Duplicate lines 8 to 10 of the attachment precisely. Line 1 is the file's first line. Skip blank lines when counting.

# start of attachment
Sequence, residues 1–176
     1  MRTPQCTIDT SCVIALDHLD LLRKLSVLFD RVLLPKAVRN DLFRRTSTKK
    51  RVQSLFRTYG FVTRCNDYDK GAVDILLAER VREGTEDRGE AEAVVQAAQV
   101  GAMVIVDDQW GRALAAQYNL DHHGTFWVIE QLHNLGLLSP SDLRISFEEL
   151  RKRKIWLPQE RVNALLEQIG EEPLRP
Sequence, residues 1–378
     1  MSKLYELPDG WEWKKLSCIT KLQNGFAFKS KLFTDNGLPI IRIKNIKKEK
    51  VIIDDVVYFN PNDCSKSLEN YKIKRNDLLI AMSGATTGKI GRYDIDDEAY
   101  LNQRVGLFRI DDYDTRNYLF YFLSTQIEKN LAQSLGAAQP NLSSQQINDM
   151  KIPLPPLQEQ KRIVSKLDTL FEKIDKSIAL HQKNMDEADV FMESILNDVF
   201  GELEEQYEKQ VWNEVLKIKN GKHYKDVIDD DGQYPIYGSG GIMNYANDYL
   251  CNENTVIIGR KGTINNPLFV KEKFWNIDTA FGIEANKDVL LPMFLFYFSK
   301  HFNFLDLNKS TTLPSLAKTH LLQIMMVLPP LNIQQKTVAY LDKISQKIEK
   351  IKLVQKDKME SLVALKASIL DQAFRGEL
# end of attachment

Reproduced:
    51  VIIDDVVYFN PNDCSKSLEN YKIKRNDLLI AMSGATTGKI GRYDIDDEAY
   101  LNQRVGLFRI DDYDTRNYLF YFLSTQIEKN LAQSLGAAQP NLSSQQINDM
   151  KIPLPPLQEQ KRIVSKLDTL FEKIDKSIAL HQKNMDEADV FMESILNDVF